That isn’t to say that the user experience with on LG UX 7.1 isn’t a bad one. With numerous features and options to support a high level of customisation, there’s a lot to love about the OS. LG has already implemented some of the Pie’s features into its firmware build, one of which being the notch customisations, as mentioned previously. There are some additional bloatware apps and kids’ games, but nothing that cannot be uninstalled. The list of apps preinstalled also includes LG’s productivity suite in the form of QuickMemo+, Messaging, LG Health, HD Audio Recorder, File Manager and Calculator, as well as a few Google apps as per the norm. All of these, however, are fairly useful and wouldn’t warrant a quick removal.
The V-series lineup has always provided some of the more interesting and better hardware and features when it comes to camera capabilities. The V40 is no different. LG has fitted a triple-lens camera on the rear and a dual-camera on the front for best results. The setup of the triple-lens camera, however, has drawn some curiosity. The unit sports a 12MP lens with f/1.5 aperture and 78° field of view, a 16MP wide-angle lens with f/1.9 aperture and 107° field of view, as well as a 12MP 2x telephoto lens with f/2.4 aperture and 45° field of view. The features packed in alongside the camera is also quite impressive, with users being able to view all three camera angles in order to choose the best shot before committing to a photo. And if you’re unable to choose between the three, why not choose all of them? The V40 allows users to do just that. Best results would be to choose a single option and fine-tune the image, but these work great when you’re undecided. Additionally, LG’s post-snap features also allow users to do some fancy editing of the triple-image by creating a short movie, panning from one end of a shot to another to give the greatest field of view from a single shot. It’s very similar to taking a panoramic image or video, but without the fuss of having to manually pan across the view. And there’s a host of other features and add-ons to try out from the camera app and editing software if you really want to get your hands dirty.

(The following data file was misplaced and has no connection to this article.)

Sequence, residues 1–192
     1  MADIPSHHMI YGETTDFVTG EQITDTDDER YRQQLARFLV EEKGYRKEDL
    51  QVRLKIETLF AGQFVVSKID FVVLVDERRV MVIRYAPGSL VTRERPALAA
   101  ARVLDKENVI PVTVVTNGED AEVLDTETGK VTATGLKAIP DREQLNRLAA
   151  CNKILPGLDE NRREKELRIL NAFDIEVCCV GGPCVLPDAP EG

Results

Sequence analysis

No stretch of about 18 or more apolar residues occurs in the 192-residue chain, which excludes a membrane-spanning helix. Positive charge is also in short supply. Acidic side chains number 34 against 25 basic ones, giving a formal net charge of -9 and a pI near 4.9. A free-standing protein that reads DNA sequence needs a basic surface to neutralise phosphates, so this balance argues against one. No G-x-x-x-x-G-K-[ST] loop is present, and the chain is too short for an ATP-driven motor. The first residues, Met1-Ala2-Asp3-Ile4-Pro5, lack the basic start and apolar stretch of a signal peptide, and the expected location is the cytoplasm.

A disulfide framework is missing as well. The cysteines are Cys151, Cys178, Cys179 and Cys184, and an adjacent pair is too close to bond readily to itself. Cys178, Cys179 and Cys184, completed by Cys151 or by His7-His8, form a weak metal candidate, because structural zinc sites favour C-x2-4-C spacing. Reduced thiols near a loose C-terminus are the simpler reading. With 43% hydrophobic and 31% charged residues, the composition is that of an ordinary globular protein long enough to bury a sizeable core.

The two, front-facing cameras also offer a decent mix of options with its 8MP lens with f/1.9 aperture and 80° field of view, and 5MP lens with f/2.2 aperture and 90° field of view. The difference between the two lenses allows users to switch between a single person selfie shot and a group selfie. There are also additional features added to the front-facing camera, which are commonplace for rear-facing units. This includes features such as bokeh, where users can also set the level of background blur for their selfies. Additional supported features on the front and rear cameras includes Google Lens, AI scene optimisation and many more.
The main camera produces great photos with good clarity and colour reproduction across multiple shots of different objects and backgrounds. Where the camera does tend to stretch beyond its reach is the comparison of photos from the main camera and the rest. The optical zoom lens doesn’t have the clarity for its 2x zoomed capabilities as it lacks overall clarity of a standard photo. The wide-angle lens also produces great colour and clarity, but has a small bit of distortion that is noticeable to someone who knows what they’re looking at. It’s not the worst I’ve seen, but it can be annoying at times as it depends heavily on the subject matter and the distance from it when taking the photo. The unit also doesn’t perform very well in poorly lit environments and cannot compete against the likes of Samsung and Huawei that dominate this area of camera capabilities right now.
As with the previous models in the V-series range, the LG V40 ThinQ has a bag of features to keep one entertained for a while. Things become a little trickier for the device when the fun and games end and it’s down to serious business. That said, it could handle almost anything that was thrown at it while also offering a fresh take on the conventional. As was also the case with this range, there’s a lot to assist content creation, although users will have to work out some of the kinks to perfect their end product.
At a retail price of R12,999, it goes beyond the upper mid-range category and crosses over into the flagship space, which is highly competitive. Unfortunately, while it does manage to go the distance in the fight, competing like for like across the various hardware and software features, by round 12 it would have taken some beating.
LG V40 ThinQ
There’s a lot to love about the LG V40 ThinQ. It improves on the V-series range where the V30 (or V35) left off. It may not be able to compete at the very top but does enough to satisfy content creators on a slightly smaller budget.